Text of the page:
EU tells Greece to keep up bailout reforms as coalition falters

DPA Luxembourg/Athens | Updated on March 12, 2018 Published on June 21, 2013

Eurozone finance ministers on Thursday warned Greece that it must maintain reform efforts to keep bailout money flowing, even as fears grew that its governing coalition could collapse over the closure of the public broadcaster ERT.

“It is essential to keep up the reform momentum,” the president of the ministers’ Eurogroup panel, Jeroen Dijsselbloem, said after talks in Luxembourg. “I understand that the political situation in Greece is difficult, but I strongly hope that all political leaders will understand the importance of working together.”

“I do hope for the sake of the Greek people that stability will be preserved,” EU Economy Commissioner Olli Rehn added. “I want to appeal to the sense of responsibility of political leaders in Greece. The ball is in the court of the Greek authorities.” Prime Minister Antonis Samaras has been at loggerheads with his coalition partners ever since he unilaterally decided to shut down the broadcaster in a bid to meet savings requirements imposed as part of the country’s international bailout.

The two sides held the third round of crisis talks in four days on Thursday, but they still disagree on what should happen to ERT and its employees.

“We could not find common ground,” said the Democratic Left leader Fotis Kouvelis.

“The situation is dramatic,” PASOK party leader Evangelos Venizelos added in a television interview.

Talks at different levels were expected to continue on Friday.

Scanning Greece’s progress

“Greece has a difficult path to pursue. Greece is going down this path more determinedly than most would have expected a year ago,” German Finance Minister Wolfgang Schaeuble said.

But the rift in the coalition government has raised the possibility of snap elections being called, just one year after the last general election – fueling worries that the country’s international bailout could be destabilized once again.

Athens is already struggling to meet the conditions imposed as part of the two rescue packages it has received, which amounted to more than 200 billion euros (265 billion dollars). This month, a planned privatisation of the national gas company DEPA fell through.

Experts from the European Commission, European Central Bank and International Monetary Fund (IMF) who were reviewing Greece’s reform progress temporarily broke off their mission on Wednesday “to allow completion of technical work.” Their endorsement is needed for Greece to receive the next tranche of its bailout, which is helping it avert bankruptcy. Eurozone finance ministers expect the mission to resume by July 1, said the president of their Eurogroup panel, Jeroen Dijsselbloem.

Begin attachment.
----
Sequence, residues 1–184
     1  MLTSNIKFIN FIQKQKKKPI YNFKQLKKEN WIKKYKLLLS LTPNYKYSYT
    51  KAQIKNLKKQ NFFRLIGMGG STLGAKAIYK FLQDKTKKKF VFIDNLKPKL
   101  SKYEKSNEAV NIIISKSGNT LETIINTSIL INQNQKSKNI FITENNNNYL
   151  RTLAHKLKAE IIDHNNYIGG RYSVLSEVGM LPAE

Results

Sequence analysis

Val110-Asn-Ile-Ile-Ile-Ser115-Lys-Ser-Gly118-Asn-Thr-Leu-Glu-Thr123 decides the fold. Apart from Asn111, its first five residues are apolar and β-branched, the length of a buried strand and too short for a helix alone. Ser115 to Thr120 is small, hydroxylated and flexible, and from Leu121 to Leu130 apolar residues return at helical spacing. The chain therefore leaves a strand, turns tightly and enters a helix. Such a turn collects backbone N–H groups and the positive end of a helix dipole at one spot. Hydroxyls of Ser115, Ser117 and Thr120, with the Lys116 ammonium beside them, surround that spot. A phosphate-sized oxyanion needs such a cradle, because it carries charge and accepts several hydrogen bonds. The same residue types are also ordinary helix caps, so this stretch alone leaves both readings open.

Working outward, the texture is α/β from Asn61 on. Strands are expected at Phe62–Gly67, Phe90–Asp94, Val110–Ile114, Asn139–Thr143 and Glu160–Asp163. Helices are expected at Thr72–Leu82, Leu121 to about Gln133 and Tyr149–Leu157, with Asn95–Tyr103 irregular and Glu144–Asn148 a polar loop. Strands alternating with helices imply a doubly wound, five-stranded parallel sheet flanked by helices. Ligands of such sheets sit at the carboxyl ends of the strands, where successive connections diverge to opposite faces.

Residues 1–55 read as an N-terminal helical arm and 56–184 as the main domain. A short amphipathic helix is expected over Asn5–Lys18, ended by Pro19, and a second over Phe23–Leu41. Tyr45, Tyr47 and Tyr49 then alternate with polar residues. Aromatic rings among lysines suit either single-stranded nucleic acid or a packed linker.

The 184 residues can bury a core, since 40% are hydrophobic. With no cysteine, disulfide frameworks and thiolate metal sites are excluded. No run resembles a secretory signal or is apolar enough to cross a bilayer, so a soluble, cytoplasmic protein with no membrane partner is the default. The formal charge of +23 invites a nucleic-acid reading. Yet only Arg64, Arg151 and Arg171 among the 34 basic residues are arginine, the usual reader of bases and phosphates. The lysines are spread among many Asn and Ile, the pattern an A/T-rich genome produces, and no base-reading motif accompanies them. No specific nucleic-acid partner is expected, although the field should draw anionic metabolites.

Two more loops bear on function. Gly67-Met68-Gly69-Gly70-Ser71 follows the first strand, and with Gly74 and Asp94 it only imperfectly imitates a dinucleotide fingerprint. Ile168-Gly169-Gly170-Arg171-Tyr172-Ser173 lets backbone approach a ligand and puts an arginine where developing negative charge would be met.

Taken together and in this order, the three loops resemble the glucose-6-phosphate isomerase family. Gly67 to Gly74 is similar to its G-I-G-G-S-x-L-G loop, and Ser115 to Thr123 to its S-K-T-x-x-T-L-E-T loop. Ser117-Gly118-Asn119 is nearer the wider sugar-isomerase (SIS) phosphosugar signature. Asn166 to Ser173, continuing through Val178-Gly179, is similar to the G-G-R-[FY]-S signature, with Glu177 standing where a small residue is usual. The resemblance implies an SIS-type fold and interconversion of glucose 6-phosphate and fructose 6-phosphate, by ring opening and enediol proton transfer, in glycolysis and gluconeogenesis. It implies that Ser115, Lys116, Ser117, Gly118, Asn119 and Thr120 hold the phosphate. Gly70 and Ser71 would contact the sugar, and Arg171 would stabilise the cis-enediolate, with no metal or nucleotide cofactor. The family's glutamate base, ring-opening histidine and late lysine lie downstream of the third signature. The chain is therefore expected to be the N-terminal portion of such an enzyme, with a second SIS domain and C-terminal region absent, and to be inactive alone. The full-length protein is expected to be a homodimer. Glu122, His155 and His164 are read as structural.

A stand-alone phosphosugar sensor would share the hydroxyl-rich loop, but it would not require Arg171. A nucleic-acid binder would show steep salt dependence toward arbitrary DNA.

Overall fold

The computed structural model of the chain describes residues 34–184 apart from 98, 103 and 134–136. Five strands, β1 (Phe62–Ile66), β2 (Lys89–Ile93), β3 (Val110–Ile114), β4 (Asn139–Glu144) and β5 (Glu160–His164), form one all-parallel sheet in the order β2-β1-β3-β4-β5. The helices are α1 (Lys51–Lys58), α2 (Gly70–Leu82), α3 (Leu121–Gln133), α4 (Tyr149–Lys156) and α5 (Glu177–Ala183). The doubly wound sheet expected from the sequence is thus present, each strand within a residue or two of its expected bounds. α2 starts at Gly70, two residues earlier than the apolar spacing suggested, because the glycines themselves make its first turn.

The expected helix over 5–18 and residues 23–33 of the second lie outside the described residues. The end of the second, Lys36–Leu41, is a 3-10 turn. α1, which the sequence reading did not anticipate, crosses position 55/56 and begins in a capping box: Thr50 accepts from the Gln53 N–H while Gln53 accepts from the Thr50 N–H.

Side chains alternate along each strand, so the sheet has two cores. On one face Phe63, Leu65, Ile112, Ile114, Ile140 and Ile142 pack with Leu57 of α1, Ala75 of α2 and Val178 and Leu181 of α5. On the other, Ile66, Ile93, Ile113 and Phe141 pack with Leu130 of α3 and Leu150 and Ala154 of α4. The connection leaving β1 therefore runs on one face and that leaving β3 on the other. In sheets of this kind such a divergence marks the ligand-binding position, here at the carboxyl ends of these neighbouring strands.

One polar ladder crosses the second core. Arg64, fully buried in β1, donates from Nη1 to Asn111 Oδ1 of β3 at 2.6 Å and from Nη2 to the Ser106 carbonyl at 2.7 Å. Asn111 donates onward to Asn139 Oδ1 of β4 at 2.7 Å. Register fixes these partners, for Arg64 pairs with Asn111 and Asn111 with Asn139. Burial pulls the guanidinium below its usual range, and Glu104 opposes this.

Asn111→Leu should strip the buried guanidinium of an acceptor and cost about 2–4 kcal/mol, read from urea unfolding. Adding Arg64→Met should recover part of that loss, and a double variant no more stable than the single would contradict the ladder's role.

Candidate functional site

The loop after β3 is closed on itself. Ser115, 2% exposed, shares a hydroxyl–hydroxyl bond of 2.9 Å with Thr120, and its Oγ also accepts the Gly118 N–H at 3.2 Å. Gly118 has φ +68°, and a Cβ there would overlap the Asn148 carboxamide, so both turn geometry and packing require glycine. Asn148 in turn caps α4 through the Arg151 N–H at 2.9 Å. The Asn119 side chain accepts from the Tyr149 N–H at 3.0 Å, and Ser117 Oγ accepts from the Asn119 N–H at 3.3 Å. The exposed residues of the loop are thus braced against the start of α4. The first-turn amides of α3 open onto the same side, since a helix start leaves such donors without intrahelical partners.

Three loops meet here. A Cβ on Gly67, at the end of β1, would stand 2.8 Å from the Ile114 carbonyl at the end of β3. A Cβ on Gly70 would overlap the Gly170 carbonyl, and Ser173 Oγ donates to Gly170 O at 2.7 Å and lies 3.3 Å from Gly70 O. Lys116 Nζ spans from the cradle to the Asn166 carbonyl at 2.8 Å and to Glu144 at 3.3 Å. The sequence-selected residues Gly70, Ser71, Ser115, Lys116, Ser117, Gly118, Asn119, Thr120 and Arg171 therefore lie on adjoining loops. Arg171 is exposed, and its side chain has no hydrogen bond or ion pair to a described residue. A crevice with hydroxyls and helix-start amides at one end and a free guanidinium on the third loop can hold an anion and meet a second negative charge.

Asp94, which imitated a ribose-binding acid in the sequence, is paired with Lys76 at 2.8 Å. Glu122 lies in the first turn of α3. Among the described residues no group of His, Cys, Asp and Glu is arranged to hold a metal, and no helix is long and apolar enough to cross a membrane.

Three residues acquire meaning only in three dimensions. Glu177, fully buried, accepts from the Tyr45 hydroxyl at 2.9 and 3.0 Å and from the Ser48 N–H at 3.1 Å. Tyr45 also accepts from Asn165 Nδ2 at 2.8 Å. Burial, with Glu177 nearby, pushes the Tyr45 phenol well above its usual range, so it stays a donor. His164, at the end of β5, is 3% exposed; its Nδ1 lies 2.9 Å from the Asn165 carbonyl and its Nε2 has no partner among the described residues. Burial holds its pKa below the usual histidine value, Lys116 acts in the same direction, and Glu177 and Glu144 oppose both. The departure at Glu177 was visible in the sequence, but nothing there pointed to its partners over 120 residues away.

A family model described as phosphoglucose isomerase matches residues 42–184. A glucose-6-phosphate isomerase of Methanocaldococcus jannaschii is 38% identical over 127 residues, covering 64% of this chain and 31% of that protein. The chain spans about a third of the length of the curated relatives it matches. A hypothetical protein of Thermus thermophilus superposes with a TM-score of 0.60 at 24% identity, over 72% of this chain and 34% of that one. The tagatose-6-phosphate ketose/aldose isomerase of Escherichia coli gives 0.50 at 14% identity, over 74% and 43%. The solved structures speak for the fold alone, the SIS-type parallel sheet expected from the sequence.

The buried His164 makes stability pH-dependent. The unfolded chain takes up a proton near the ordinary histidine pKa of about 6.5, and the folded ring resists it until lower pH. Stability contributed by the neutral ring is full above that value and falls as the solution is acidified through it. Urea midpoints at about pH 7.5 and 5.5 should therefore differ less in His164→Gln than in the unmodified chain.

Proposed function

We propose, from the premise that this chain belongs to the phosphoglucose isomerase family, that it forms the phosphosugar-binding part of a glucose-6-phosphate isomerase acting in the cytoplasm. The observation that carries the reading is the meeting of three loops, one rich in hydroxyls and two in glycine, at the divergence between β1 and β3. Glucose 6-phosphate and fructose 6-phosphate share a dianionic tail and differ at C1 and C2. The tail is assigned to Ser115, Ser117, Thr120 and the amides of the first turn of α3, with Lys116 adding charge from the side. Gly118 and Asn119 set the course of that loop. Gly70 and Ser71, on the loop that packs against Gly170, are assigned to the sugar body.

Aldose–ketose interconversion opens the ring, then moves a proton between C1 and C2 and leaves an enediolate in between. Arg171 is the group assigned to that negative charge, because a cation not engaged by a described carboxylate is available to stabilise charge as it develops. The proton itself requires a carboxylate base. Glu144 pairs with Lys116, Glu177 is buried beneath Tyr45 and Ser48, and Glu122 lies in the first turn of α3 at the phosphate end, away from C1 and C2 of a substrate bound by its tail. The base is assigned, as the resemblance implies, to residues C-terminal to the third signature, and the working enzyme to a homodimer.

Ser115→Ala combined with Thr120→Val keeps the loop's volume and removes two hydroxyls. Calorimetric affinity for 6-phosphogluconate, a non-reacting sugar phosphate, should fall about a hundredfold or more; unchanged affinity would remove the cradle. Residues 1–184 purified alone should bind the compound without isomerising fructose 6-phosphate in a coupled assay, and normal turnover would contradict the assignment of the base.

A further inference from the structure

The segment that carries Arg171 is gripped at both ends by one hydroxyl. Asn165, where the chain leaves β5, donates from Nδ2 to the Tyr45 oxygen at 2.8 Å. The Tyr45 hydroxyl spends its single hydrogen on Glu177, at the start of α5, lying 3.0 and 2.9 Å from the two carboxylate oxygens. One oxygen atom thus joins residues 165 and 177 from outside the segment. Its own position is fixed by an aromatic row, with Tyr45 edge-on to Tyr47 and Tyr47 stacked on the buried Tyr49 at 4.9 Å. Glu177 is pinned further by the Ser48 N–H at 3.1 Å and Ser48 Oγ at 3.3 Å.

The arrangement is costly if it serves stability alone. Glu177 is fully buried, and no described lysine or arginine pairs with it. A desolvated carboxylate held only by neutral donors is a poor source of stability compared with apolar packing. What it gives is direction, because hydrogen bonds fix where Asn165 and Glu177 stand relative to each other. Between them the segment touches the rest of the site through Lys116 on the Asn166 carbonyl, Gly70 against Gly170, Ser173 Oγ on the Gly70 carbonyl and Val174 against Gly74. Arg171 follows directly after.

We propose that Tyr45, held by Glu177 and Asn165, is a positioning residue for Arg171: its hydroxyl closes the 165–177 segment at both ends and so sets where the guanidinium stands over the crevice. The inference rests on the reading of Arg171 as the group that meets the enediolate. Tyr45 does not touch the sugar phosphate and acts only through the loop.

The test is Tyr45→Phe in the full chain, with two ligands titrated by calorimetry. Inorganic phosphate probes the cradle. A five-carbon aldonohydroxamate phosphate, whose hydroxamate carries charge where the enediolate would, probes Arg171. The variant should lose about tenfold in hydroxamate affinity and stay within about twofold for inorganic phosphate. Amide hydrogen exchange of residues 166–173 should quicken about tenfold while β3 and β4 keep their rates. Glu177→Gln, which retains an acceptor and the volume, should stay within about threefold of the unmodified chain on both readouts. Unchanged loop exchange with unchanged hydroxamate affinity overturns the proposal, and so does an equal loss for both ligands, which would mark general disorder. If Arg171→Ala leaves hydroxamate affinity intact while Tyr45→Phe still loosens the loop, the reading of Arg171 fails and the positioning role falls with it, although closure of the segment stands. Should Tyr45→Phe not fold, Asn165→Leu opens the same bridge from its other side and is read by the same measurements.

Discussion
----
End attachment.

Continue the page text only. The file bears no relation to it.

The IMF indicated on Thursday that “financing problems” could arise if the review is not “concluded by the end of July.” The Financial Times daily reported that a shortfall of about 3 billion euros is threatening the bailout programme because eurozone central banks had not rolled over Greek bonds.

“The priority remains for the Greek authorities to deliver on the programme quickly,” IMF spokesman Gerry Rice said in a statement.

“There is no problem on the premise that we reach a final agreement on the programme in July,” Dijsselbloem added.

The hurdle is only the latest in the challenges that have faced the Greek bailout programme.

“I love Greece, but I’m very much looking forward to a summer where we don’t have any Greek crisis,” Rehn said.

No changes in Cyprus bailout

The eurozone ministers’ talks were also overshadowed by Cyprus, which found no support on Thursday for any changes to its bailout programme.

The island secured the 10-billion-euro ($13-billion) rescue package in April to avert bankruptcy. President Nicos Anastasiades has raised eyebrows by requesting moderations so that the Bank of Cyprus – the country’s largest lender – can be safeguarded.

Ministers agreed unanimously that “the determined implementation of the (bailout) programme is indispensable,” Dijsselbloem said. He had earlier ruled out any more money for the Mediterranean island.

A Cypriot government spokesman told the state broadcaster RIK that his country had only sought a few changes in the bailout to address “some difficulties,” but would stick to the basic agreement.

Also on Thursday, the eurozone ministers gave their blessing for Latvia to adopt the euro. The Baltic country hopes to exchange its lats for euros on January 1. European Union finance ministers and the bloc’s leaders still have to endorse the move.

The ministers additionally agreed on basic rules that will pave the way for the eurozone’s bailout fund to eventually recapitalise troubled banks directly.

The measure is seen as key for the construction of a eurozone banking union, even though it is not expected to be available until at least the middle of next year. There will be a limit of 60 billion euros in funds available for possible recapitalizations.

“It’s hard to overestimate the importance of these steps and the wider efforts to complete the clean-up of our banking system in Europe,” Rehn noted. “We must remove the uncertainty that has been hanging over the banking sector for too long.” “These are fundamental subjects to put the financial crisis that has weighed on Europe since 2008 behind us for good,” French Finance Minister Pierre Moscovici had said earlier.

Published on June 21, 2013
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